Expert highlights key differences in Melbourne and Sydney coronavirus clusters as NSW works to avoid second lockdown

| 14.07,20. 06:42 AM |

Expert highlights key differences in Melbourne and Sydney coronavirus clusters as NSW works to avoid second lockdown

Experts say testing, as seen here in Liverpool in Sydney's west, needs to increase.(ABC News: Brendan Esposito)

Infectious disease experts say Sydney can avoid a Melbourne-style second lockdown if it stops multiple clusters of community transmission through hard "ring fencing", compulsory mask wearing and a renewed focus on social distancing.

Yet one expert says the Crossroads Hotel in Casula already looks like "the ember that has started a bushfire", as cases connected to the south-west Sydney hotel continue to grow, including one confirmed case at Sydney's The Star casino.

As of 12:00pm on Monday, 21 COVID-19 cases had been linked to the Casula pub — 10 people who went there, another 10 "close contacts" of that group, and one person who contracted the virus third-hand.

The fresh outbreaks in Sydney and the continued spread of the disease is stoking fears NSW is heading towards a Melbourne-like second lockdown and late last night the NSW Government reintroduced restrictions for pubs.

Australian National University infectious diseases physician Peter Collignon described the Crossroads Hotel outbreak as "worrying".

But, he said, a key trigger for further action in Sydney and across NSW would be multiple clusters of community transmission.

He said the state needed a tailored approach to try to control any clusters, such as "ring-fencing" certain areas.

"[For example] if you have an outbreak in Bondi, I am not sure Penrith [60km to the west] necessarily has to be shut down," Dr Collignon said.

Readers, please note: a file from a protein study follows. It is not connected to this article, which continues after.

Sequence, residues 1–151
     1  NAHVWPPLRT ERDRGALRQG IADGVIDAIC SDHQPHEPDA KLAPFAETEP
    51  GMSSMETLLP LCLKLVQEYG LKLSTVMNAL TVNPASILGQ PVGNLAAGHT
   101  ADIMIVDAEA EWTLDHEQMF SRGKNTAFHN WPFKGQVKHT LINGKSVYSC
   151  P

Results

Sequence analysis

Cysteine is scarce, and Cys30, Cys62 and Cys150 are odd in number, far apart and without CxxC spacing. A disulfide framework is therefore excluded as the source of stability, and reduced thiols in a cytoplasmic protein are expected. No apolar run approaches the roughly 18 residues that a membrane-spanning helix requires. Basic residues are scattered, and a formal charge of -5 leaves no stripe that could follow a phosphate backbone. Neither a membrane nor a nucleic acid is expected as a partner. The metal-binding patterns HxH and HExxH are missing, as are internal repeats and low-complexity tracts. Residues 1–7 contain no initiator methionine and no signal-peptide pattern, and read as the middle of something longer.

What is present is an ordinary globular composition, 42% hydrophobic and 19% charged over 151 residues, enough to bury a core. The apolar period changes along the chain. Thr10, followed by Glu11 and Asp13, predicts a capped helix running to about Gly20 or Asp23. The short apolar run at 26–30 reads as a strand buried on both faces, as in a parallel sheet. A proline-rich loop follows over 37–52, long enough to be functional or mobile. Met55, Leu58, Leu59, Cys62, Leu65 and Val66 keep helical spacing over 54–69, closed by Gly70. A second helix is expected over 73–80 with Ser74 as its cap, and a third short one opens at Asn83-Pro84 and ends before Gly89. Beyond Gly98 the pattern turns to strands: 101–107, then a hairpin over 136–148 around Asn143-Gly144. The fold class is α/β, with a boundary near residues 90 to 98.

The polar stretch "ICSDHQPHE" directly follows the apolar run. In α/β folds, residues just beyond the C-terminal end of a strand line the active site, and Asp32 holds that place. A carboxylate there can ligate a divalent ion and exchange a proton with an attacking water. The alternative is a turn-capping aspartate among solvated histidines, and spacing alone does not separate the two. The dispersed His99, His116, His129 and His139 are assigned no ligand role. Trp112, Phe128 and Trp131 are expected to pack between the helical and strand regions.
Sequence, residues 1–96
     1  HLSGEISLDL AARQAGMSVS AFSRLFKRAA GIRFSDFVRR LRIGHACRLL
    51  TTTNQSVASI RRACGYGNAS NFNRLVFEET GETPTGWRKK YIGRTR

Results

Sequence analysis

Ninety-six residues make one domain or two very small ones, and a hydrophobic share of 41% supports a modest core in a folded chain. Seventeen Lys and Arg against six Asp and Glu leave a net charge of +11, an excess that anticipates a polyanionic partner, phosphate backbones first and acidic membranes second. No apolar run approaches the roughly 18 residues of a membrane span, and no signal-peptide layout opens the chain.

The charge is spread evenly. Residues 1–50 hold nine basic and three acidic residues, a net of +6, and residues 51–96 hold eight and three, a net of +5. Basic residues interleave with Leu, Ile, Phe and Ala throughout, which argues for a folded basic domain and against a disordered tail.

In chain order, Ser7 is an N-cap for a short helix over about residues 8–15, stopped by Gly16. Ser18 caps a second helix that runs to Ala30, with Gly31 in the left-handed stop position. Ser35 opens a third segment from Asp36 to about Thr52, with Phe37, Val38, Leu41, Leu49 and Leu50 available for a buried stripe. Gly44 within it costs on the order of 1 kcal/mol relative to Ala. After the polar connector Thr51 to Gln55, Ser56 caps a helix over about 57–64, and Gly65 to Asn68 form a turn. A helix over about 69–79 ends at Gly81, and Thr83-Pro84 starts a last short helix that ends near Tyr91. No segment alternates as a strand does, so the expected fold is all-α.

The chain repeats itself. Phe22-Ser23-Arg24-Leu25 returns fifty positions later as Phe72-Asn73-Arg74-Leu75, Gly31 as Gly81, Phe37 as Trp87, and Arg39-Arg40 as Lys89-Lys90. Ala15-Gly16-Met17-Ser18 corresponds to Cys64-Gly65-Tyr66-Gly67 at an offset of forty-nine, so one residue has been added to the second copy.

"NSW at the moment doesn't justify a lockdown but it might justify a lot of contact tracing and quarantining, which they are doing."

He said health experts were tracing the spread of the Crossroads Hotel across NSW.

"Inevitably, they will be looking to see if this is something we can ring fence, or are we [already] in trouble because it is all through Sydney?" he said.

"I actually don't think [we'll] get to that situation for a while in NSW."

Yet Mary-Louise McLaws, an epidemiologist and World Health Organization adviser, said the problem with the Crossroads Hotel was the transient nature of its patrons: travellers who were likely to have already moved around Sydney, NSW and perhaps even into Queensland.

"It could well be the ember that has started the bushfire," Professor McLaws said. "You never know, they may have gone to [The Crossroads Hotel] and then could have gone anywhere."

But, she said, there were key differences between the Melbourne outbreak, which quickly spiralled out of control, and what was being seen in Sydney.

"What happened in Melbourne was incredibly unique," she said.

"We had highly interconnected family clustering. And that clustering was very big, with many people living in high density with close social and family connections.

"Sydney is at less risk than Melbourne.

"And given that the numbers have been relatively low, I hope they [the NSW authorities] will be able to control it."

She told the ABC last week the "magic number" of active cases of community transmission in NSW where authorities were so overwhelmed they could no longer do effective contact tracing was 100 cases over two incubation periods.

She said NSW was not at that "tipping point" yet.


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